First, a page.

The optimal initial mean arterial pressure (MAP) level in terms of renal function continued to be in patients with out-of-hospital cardiac arrest (OHCA). For a study, the goal of researchers was to calculate the relation between early MAP level and serious acute kidney injury (AKI) occurrence in patients with OHCA. In 568 consecutive patients, the percent time spent below a predefined MAP threshold and the corresponding area below threshold (ABT) were evaluated from continuous MAP calculation. Both MAP-obtained differentiations were calculated for different MAP thresholds (65, 75, and 85 mmHg) and time periods (the first 6 and 12 after ICU admission). About 274 (48%) patients developed severe AKI defined as stage 3 of KDIGO. Both ABT and percent time were themselves related to severe AKI, regardless of the MAP threshold and time period considered. The highest adjusted odds ratios for developing serious AKI were obtained while minding the first 6 h period. Within the first 6 h, every 100 mmHg-h increase in ABT under MAP thresholds of 65, 75 and 85 mmHg increased severe AKI risk by 69% (OR = 1.69; 95% CI 1.26–2.26; P<0.01), 13% (OR = 1.13; 95% CI 1.07–1.20; P<0.01) and 4% (OR = 1.04; 95% CI 1.02–1.06; P<0.01), respectively. Every 10% increase in % time spent under MAP thresholds of 65, 75 and 85 mmHg increased serious AKI risk by 19% (OR = 1.19; 95% CI 1.06–1.33; P<0.01), 12% (OR = 1.12; 95% CI 1.04–1.19; P<0.01) and 8% (OR = 1.08; 95% CI 1.02–1.14; P<0.01), respectively. Both severity and time period of initial arterial hypotension after ICU admission continued to be related to serious AKI happening while considering a MAP threshold as high as 85 mmHg after OHCA.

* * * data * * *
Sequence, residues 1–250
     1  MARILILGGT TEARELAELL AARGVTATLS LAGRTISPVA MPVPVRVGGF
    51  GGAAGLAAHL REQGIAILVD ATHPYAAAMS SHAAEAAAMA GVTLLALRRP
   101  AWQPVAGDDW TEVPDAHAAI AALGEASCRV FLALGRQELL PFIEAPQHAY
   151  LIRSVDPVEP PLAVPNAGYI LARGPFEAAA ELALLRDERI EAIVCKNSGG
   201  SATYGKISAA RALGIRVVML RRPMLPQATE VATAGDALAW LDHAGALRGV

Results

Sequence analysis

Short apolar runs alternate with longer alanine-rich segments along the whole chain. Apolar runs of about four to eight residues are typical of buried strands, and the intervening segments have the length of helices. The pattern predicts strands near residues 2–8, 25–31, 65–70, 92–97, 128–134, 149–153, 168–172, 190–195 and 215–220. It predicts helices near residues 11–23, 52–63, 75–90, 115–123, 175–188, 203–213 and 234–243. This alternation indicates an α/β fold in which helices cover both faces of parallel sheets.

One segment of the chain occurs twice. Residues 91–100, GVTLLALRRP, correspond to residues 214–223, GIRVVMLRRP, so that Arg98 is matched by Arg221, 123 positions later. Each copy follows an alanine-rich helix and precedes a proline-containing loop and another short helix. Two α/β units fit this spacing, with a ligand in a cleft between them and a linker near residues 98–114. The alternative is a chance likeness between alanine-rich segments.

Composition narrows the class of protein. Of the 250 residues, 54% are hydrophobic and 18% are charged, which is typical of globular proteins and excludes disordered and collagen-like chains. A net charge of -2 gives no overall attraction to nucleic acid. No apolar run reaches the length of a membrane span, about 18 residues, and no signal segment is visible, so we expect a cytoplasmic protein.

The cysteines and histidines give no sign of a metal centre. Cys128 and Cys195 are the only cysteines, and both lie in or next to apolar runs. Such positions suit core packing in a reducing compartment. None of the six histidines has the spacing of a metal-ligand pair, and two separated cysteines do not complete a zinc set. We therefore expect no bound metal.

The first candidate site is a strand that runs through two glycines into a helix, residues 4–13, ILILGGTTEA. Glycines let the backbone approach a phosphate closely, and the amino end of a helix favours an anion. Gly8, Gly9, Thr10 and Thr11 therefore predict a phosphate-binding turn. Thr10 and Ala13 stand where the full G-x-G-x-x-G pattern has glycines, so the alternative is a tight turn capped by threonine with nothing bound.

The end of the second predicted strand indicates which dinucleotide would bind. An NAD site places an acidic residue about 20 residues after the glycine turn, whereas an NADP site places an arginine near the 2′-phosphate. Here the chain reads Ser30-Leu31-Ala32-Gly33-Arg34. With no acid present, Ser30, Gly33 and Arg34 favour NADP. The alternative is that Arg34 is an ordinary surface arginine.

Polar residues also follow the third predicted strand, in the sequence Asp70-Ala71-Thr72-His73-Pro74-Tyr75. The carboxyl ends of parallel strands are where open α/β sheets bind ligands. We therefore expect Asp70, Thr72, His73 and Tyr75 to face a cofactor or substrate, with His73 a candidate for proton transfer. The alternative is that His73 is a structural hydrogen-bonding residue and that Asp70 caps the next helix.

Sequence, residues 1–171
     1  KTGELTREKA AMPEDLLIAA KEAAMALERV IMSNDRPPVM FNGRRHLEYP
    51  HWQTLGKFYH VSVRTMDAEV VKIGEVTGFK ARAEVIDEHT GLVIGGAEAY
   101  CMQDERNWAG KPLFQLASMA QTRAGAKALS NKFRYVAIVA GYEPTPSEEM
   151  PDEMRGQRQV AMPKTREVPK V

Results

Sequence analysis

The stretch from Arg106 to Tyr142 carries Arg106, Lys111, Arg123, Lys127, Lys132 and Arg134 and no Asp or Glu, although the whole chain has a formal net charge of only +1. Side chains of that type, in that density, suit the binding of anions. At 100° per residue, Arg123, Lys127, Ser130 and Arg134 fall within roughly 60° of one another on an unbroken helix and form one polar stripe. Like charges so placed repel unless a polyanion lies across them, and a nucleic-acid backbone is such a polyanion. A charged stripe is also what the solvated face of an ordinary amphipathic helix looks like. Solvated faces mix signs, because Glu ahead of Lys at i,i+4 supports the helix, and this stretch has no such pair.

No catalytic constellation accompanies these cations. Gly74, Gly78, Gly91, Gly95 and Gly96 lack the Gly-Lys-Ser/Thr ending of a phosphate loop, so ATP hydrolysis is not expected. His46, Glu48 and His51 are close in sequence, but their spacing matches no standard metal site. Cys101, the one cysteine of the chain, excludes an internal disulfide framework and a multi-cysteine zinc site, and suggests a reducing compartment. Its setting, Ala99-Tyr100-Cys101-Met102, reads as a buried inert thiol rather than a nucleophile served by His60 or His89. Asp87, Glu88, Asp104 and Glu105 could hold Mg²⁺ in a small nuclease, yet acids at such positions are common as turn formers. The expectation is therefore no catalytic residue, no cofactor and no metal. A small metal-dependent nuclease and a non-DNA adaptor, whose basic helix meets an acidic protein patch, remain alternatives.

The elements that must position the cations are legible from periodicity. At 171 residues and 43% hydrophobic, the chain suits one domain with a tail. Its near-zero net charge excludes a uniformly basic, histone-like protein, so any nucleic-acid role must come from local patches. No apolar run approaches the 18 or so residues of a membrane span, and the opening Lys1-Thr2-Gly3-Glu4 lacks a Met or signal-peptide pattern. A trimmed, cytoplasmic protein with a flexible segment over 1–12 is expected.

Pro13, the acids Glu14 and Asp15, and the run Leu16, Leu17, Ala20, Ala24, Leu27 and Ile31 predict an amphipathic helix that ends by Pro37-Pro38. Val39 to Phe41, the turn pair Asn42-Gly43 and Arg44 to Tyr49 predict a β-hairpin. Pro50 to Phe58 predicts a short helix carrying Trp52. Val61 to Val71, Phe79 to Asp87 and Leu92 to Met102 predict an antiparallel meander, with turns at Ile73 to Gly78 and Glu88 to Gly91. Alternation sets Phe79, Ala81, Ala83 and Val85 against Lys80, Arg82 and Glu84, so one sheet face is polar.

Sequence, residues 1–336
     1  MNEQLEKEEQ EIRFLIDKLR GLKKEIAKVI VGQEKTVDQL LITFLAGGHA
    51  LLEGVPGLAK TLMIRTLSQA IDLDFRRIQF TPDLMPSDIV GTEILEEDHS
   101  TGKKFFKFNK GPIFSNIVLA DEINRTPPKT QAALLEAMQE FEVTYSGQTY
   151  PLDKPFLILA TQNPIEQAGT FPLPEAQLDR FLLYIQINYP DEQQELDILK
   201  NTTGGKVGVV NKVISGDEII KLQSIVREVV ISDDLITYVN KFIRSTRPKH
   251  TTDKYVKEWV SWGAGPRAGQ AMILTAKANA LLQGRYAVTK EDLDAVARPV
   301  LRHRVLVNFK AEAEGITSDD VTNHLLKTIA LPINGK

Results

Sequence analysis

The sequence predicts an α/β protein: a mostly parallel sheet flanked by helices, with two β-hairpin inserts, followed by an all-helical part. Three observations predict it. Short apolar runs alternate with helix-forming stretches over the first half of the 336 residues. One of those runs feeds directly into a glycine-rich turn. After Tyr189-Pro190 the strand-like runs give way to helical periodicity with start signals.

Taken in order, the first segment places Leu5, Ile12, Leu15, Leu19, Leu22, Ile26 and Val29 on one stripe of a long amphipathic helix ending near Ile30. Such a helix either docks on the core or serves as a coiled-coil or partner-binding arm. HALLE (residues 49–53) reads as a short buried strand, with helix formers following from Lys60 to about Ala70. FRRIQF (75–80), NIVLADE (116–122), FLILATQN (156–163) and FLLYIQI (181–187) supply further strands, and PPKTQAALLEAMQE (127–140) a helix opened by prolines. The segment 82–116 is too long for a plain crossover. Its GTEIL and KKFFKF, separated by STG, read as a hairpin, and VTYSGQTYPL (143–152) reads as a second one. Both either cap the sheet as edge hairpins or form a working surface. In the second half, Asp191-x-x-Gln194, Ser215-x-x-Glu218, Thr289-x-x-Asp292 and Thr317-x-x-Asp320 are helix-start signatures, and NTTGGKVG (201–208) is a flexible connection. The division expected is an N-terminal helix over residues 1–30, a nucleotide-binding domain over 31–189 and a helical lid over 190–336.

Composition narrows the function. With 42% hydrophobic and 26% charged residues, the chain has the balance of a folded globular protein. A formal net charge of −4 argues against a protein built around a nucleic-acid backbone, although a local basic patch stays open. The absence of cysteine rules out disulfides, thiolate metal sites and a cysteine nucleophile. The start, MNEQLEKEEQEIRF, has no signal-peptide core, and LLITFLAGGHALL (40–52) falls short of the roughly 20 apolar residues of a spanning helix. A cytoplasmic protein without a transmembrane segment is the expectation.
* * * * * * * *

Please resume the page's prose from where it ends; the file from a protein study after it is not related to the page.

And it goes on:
Source – annalsofintensivecare.springeropen.com/articles/10.1186/s13613-022-01045-1